One of the best ways to know what kind of shows they are working on is to follow their Twitter feed if they have one. “Do the research, check on LinkedIn, watch the show and know what we need,” said Jonathan Weiss, from Bunim-Murray Productions. “One of the ways to ingratiate yourself is to show that you’ve done the research.”
Don’t forget that most supervisors are passionate about music so never lose track of what they are looking for. “My favourite thing is matching the right song with the visual,” said Amine Ramer, music supervisor at States Of Sound. That’s the business of syncs: match music with visuals! And if you think synchronisation is an exact science, take the advice of Maya Halfon, music supervisor at Microsoft: “Very often it is trial and error and trial and trial and error.”

6. Check how supervisors want their music delivered
To make matters easier, each supervisor has their own preferences when it comes to the way they want music made available to them. Some like links, others work with Dropbox, but Box seems to be one of the most popular systems. And there are still a few who think CDs are a good way to discover stuff. mp3s seem out of fashion. “[If you mail me] I will look at the body of the mail and if there’s a visual aspect to it I might click, but do not send mp3s,” pleaded Gemma Dempsey, VP international at Metropolis Studio.

7. Make sure you have everything ready
Pitching a song is not only about the music and the artist, it is also about what you can send alongside a song when things are moving your way. So think about having instrumental versions, and make sure you can deliver stems (specific sections of the song, such as the rhythmic tracks or the topline). Sometimes having covers of tracks you own the rights to available can help. “When pitching for a song with lyrics, make sure you have an instrumental [version] because if we like something, very quickly we’ll come back to you asking for the instrumental version,” said Chris Jackson, VP music at NBC Universal. “And if we get a bite into something, get your stuff prepared, because, literally, if you get the call, it could well be for tomorrow.”
Thomas Golubic, music supervisor at SuperMusicVision added: “Every show is different but the more prepared you are, the better. If you also have an instrumental version, it can be handy and I can pitch it too. Stems can be useful, especially for advertising, when they want the a capella version or just the music."

8. Metadata, metadata, metadata
Many different supervisors during the Sync Mission stated the importance of metadata. It needs to be accurate, and it needs to be complete. What’s the point of sending a track if, for example, not all the rights-holders are listed? Why bother if the correct metadata is not embedded with each tracks? And it is also a crucial element to get it right if you want to get paid when the track is used for a sync. “You need to metadata your cues. We need to see an email address or that it is 100% controlled,” said Andy Ross, music supervisor at Cutting Edge Group. “If I am given something that has no info, I throw it in the bin. I have not time to fill in the missing fields.”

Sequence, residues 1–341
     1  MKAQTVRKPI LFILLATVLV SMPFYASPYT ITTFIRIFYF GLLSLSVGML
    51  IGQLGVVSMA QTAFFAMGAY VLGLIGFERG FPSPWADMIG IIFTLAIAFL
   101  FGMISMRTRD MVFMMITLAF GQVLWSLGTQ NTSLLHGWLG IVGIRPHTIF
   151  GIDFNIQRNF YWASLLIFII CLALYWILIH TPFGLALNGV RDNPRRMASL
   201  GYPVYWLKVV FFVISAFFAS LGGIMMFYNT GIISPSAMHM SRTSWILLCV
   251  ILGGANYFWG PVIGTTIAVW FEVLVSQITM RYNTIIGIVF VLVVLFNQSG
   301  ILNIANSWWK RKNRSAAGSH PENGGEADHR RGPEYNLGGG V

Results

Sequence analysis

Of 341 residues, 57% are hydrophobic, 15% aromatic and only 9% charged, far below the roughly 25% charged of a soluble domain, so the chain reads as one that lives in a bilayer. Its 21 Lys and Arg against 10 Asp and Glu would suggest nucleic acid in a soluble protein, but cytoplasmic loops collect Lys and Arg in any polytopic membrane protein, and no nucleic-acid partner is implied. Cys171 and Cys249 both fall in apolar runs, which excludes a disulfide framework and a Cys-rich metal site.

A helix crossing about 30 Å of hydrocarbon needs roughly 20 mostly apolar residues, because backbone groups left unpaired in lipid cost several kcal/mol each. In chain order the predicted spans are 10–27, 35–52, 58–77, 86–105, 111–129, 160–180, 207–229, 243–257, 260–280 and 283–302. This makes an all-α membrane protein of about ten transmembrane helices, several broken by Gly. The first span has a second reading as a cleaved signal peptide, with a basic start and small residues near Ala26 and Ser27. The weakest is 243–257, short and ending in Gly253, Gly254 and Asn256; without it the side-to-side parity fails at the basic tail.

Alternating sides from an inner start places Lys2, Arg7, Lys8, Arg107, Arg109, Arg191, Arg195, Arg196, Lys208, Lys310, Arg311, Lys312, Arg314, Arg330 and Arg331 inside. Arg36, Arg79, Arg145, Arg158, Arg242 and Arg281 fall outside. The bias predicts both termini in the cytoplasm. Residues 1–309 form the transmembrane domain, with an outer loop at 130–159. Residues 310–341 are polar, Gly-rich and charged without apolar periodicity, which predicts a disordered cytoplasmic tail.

In addition, metadata will help feed the cue sheets that producers provide to the networks and to all the sales affiliates around the world. Erin Collins, VP, film, TV and developing media at performance rights society SESAC, said the the cue sheets were very important because they will determine the list of rights-owners. “With cue sheets, you are making sure royalties will come back through,” said Collins. “You can put in a contract that you want copy of the cue sheet that will list the name of the songs and the split.”

9. Sometimes it is better to use third party licensors.
Madonna Wade-Reed, music supervisor at Whoopsie Daisy, whose credentials include Alias, Reign and American Crime is cautious when approached directly by composers or small publishing units, as the individuals are not always aware of the licensing process for syncs. “When you do reach out to a supervisor on your own behalf, if you have already done a license with one of our peers, that reassures us,” she noted. “I do not have time to teach someone who has never done a license.”
To avoid such situations, some supervisors suggested using third party licensors, especially for smaller companies. “They have the ear of music supervisors,” said Sarah Webster of Saraswati music supervision. “If we deal with independent songwriters or publishers, we are bombarded. I prefer dealing with third party licensors, we trust them. I know that if I call someone I have something in my inbox. And if they say they own it, you know they do.”

10. Be selective with what you send
 Choose wisely the tracks that you pitch rather than sending 30-60 songs. There is always a tendency to think that more is better in that it gives a better sense of what your catalogue is about. But think about the person at the receiving end: Who has the time to listen to 30 songs? Each supervisor who spoke during the Sync Mission reminded the audience that they did not want to be flooded with music. So pick the songs that in your opinion will work the best with the project, or those that you think are your top tracks for the pitch. “The first time [you contact a supervisor] it is better to give just a link,” said Joe Brandt, music supervisor at Collins Avenue.
 A good way of keeping a line of communication open with supervisors is to have a monthly online/ email newsletter sent to all supervisors, with updates on your catalogue, highlighting one to three songs maximum that could be of interest. “Don’t send me the entire back catalogue,” said Cybele Pettus, music supervisor at Electronic Arts, whose properties include FIFA, Hockey or SIMS. “Send the best song you have now.”

More about the British Sync Mission 2015:
Part 1: Understanding the US sync market
Part 3: 10 more tips from music supervisors